# APTS module: Statistical Computing

Please see the full Module Specifications document for background information relating to all of the APTS modules, including how to interpret the information below.

Aim: To introduce, in a practical way, the fundamentals of numerical computation for statistics, in order to help students to write stable, fast and numerically accurate statistical programs.

Learning outcomes: After taking this module students will

• understand the importance of stability, efficiency and accuracy in numerical computations, and how these may be promoted in practical statistical computation;
• understand the main difficulties and other issues that arise in the topics given below;
• be aware of standard computational libraries and other resources.

Prerequisites: In preparation for this module, students should obtain an elementary knowledge of the use of R. (Knowledge also of a lower level language such as C, Pascal or Fortran would be an advantage but will not be presumed.) Preparation for this module should also (re-)establish familiarity with Taylor's theorem and with basic matrix algebra — e.g., notion of an inverse and eigenvalues, manipulation of matrix expressions, the numerical unsuitability of Cramer's rule for computation of an inverse.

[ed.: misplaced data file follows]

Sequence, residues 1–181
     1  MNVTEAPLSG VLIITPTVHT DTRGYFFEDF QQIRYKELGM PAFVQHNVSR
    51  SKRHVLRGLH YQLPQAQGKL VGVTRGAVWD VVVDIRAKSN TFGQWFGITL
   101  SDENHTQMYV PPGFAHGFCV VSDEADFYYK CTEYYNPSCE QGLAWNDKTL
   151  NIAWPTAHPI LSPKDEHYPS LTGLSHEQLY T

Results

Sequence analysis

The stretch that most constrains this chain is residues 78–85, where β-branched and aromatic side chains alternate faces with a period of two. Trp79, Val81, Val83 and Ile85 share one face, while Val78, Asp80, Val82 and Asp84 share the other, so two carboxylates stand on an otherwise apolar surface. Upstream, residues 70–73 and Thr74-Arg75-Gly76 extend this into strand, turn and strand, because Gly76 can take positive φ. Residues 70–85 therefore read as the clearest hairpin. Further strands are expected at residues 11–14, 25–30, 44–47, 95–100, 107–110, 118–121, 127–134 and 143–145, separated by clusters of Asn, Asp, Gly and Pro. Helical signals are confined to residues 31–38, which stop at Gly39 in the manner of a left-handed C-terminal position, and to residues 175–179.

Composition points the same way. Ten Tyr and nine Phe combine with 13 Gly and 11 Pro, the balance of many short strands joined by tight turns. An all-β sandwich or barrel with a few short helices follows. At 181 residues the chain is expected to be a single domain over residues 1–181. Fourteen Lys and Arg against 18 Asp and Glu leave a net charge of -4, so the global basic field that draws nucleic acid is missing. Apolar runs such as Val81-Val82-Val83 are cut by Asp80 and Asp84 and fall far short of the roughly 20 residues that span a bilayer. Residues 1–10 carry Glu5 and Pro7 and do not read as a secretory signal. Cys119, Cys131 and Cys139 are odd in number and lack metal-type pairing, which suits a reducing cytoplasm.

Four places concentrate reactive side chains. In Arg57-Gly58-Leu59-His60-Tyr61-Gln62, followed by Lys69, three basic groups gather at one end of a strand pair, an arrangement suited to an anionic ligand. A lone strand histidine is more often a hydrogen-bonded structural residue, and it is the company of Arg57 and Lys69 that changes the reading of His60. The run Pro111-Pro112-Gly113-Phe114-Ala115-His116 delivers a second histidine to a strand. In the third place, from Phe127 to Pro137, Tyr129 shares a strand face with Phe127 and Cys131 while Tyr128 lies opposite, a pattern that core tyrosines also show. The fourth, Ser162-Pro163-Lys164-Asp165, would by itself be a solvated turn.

Topics:

• Finite-precision arithmetic; related types of error and stability (probably mostly covered, in context, as part of other topics).
• Numerical linear algebra (with statistical applications): basic computational efficiency, Choleski, QR, stability (e.g. Normal/Choleski vs QR for LS), eigen and singular value decompositions. Standard libraries.
• Optimization: Newton-type methods; other deterministic methods; stochastic methods; using methods effectively in practice; what to use when.
• Differentiation and integration by computer: finite differencing (interval choice, cancellation and truncation errors); automatic differentiation; quadrature methods; stochastic integration.
• Basics of stochastic simulation.
• Other types of problem (e.g. sorting and matching); the pervasiveness of efficiency and stability issues; where to find out more.

Assessment: A short project bringing together several of the topics covered. For example writing a routine to estimate a linear mixed model by (RE)ML.